Using the Google AdWords API (and the Bing API as well), advertisers can create ads based on a variety of fields available in the feed itself. For instance, in the case of the online bookseller, ads include the price of the book, shipping price, and ISBN. One of the benefits of this highly granular approach is that by putting the price of each book directly in the ad, the bookseller can prevent clicks from likely non-buyers who feel the price is too high, helping to mostly target searchers who will convert.

Finally, for advertisers with a large catalog of SKUs, like the bookseller with nearly 100,000 SKUs, API integration with Google and Bing allows them to have fast visibility on the entire catalog of products with very little manual entry for ad copy, campaign creation, etc. In the end, this provides the most visibility in the most efficient manner for the best ROI.

New Tools Coming for Brick and Mortar

Inventory feeds for search aren't important just for online retailers either; traditional brick and mortar retailers also need to embrace using inventory feeds in the search engines. The Google Retail Advertising Blog posted data from an Ipsos study last week, reporting that while 93% of sales occur offline, 80% of consumers research a product online before purchasing in-store. In the aforementioned Chadwick Martin Bailey study, while many smartphone owners use their phones during an offline shopping trip, only 17% are looking to shift to purchase the item online. This demonstrates how smartphone users are using their phones for pricing research (66%), but likely still want to purchase locally.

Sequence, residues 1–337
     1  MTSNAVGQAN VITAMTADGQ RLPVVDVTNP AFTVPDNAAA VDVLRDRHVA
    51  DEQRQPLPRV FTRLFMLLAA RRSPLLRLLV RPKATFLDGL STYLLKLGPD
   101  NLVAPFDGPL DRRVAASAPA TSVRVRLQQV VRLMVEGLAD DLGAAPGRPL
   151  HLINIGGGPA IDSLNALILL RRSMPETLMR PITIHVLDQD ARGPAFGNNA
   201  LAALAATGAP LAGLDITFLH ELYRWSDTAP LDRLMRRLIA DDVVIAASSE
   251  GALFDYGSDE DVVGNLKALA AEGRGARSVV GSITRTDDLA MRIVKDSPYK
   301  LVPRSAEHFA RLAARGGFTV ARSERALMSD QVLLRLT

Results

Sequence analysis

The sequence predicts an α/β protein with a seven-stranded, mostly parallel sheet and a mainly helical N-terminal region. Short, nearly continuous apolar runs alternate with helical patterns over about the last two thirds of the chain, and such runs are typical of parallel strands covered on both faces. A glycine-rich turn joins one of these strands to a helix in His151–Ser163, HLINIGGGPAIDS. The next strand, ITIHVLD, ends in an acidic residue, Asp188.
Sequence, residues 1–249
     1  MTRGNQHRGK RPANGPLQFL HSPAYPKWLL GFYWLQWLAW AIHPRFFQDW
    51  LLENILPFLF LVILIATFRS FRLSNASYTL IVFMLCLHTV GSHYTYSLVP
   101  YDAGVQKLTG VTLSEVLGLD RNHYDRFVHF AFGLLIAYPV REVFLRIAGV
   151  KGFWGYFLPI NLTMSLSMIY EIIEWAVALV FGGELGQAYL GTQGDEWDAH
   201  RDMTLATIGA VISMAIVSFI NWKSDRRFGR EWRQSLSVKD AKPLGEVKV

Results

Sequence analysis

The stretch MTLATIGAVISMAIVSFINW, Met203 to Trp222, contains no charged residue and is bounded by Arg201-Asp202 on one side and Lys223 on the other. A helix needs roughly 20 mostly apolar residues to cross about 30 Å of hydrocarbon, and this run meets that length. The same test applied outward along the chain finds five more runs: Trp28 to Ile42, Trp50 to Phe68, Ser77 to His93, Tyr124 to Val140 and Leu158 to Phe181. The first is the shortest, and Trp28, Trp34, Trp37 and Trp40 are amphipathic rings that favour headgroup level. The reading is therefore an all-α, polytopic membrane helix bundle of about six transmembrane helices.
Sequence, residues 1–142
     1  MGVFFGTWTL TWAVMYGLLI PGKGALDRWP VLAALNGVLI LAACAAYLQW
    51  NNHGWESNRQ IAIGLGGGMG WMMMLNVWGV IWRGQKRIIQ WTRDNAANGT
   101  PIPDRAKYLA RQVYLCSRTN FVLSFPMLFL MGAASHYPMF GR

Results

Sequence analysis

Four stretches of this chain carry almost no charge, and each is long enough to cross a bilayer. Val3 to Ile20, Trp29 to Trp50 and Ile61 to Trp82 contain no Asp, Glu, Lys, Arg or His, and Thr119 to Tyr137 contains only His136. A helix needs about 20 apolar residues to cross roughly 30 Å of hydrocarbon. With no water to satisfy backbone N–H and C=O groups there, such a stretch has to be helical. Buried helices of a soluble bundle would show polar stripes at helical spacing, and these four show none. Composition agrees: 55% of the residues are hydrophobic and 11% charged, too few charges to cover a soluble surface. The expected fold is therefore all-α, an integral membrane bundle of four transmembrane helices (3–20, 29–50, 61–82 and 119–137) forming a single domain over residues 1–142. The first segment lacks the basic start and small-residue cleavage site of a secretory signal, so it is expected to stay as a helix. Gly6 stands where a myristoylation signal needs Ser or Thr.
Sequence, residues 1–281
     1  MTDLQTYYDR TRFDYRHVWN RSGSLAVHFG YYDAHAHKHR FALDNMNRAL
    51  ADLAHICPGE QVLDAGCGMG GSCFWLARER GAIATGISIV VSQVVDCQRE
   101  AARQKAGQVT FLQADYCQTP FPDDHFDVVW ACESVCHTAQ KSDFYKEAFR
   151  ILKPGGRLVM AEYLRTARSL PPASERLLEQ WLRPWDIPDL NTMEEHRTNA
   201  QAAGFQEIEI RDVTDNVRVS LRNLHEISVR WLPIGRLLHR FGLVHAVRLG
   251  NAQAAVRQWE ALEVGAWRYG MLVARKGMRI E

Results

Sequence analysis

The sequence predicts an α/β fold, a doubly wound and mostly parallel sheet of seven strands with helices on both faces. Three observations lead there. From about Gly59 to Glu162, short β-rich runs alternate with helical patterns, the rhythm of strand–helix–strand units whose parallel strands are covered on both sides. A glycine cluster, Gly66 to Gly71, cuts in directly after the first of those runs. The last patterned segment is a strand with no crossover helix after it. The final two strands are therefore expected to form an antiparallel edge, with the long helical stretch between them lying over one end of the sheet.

While these statistics will not likely shock many of us, most local-based brick and mortar retailers still don't add their inventory online for various reasons. More important for local retailers, there's typically no simple way to transfer existing inventory and stock levels to the Web as there is with an online inventory feed.

At the Internet Retailer Conference in June, Christopher Payne, head of eBay North America, shared some interesting new technology that eBay is integrating to make the process of uploading inventory to the Web easier for traditional brick and mortar retailers. eBay recently acquired a local shopping engine, Milo. The plan, according to Payne, is to provide a plugin to local retailers that works directly with Quickbooks Point of Sale, a commonly used retailing system for local-based retailers. Currently retailers have to sign up on the Milo site to be notified when they can begin using the plugin and upload data to Milo. However, because this plugin is based in Milo (and, in essence, eBay), the question remains how these uploads will appear in organic shopping searches.

I expect that Google may choose to create its own plugin at some point, if it wants to truly incorporate the local shopping experience online. With the launch of Google+ and its geolocation check-in features, I can see great possibilities for local retailers beyond just marketing specials (as is currently done with FourSquare and others).